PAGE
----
Lafayette celebrates Latinx Heritage Month at the start of each academic year. Below you will find our Latinx Heritage Month programming calendars from the past several years.
Historically, the Spanish language is masculine gendered and built on patriarchy. The language assumes a male perspective and lens even when referring to things that have no gender. In an effort to dismantle cisheteropartriachy, which is the world view that all people are assumed to have a cisgender, heterosexual identity and exist within a society that privileges and empowers masculinity, excluding femininity from access from those spaces; claiming the term “Latinx” eliminates suffixes that delineate gender. The term descends from the terms “Latino/a” or “Latin@” which contains both gendered suffixes.
Latinx Heritage Month is the period from September 15 to October 15 in the United States, when people recognize the contributions of Hispanic and Latino Americans to the United States and celebrate the group’s heritage and culture.
Hispanic Heritage Week was approved by president Lyndon Johnson and the length of it was expanded by President Ronald Reagan in 1988 to cover a 30-day period (September 15 – October 15). It was enacted into law on August 17, 1988 on the approval of Public Law 100-402.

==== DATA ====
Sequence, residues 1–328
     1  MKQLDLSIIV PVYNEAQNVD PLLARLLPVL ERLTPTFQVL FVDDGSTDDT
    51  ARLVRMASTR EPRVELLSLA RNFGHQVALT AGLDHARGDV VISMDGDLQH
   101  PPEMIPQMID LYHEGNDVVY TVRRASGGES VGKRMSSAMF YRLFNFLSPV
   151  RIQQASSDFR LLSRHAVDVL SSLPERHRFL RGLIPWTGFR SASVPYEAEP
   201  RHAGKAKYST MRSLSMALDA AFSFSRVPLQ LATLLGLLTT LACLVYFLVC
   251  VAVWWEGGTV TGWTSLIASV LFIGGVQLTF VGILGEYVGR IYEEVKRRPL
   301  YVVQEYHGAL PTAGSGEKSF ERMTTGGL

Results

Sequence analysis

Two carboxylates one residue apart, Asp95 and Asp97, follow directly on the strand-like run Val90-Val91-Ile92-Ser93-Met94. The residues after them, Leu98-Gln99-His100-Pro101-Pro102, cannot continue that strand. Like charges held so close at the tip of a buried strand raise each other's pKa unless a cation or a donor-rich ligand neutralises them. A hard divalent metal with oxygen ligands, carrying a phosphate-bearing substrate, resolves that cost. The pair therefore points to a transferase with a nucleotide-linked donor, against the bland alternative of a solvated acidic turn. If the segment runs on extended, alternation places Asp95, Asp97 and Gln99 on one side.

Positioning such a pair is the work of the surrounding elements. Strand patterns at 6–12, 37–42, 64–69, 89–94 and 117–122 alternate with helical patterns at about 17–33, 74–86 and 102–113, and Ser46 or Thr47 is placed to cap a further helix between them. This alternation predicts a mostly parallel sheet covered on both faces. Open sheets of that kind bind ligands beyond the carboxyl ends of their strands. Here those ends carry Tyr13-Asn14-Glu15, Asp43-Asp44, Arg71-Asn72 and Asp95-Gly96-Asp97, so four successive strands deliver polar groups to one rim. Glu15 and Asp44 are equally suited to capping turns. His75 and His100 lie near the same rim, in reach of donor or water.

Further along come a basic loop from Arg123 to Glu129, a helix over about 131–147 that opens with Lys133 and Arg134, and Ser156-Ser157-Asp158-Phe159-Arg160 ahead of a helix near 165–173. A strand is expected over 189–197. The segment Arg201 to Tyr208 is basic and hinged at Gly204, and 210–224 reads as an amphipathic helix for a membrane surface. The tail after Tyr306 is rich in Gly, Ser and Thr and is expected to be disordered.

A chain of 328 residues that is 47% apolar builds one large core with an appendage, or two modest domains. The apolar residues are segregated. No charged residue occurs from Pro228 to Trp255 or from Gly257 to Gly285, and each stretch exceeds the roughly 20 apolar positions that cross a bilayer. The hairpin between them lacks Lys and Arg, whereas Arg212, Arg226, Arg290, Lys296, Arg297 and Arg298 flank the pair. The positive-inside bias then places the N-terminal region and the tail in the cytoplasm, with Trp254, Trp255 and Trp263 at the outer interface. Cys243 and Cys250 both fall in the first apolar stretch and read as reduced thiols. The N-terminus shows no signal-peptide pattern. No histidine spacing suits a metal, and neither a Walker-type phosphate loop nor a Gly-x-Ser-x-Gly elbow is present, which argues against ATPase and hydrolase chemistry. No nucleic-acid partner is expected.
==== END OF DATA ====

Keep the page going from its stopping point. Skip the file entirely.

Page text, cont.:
September 15 was chosen as the starting point for the celebration because it is the anniversary of independence of five Latin American countries: Costa Rica, El Salvador, Guatemala, Honduras and Nicaragua. They all declared independence in 1821. In addition, Mexico, Chile and Belize celebrate their independence days on September 16, September 18, and September 21, respectively.
Hispanic Heritage Month also celebrates the long and important presence of Hispanic and Latino Americans in North America, starting with the discovery of America by Christopher Columbus on the morning of October 12, 1492.